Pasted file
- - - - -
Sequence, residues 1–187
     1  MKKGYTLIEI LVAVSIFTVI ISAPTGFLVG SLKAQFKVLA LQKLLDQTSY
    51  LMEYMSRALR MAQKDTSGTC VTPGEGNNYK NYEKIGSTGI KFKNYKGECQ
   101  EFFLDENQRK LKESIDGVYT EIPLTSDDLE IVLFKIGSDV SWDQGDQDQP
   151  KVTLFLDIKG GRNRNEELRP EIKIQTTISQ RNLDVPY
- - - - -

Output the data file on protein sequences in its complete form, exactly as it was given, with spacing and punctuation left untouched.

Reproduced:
Sequence, residues 1–187
     1  MKKGYTLIEI LVAVSIFTVI ISAPTGFLVG SLKAQFKVLA LQKLLDQTSY
    51  LMEYMSRALR MAQKDTSGTC VTPGEGNNYK NYEKIGSTGI KFKNYKGECQ
   101  EFFLDENQRK LKESIDGVYT EIPLTSDDLE IVLFKIGSDV SWDQGDQDQP
   151  KVTLFLDIKG GRNRNEELRP EIKIQTTISQ RNLDVPY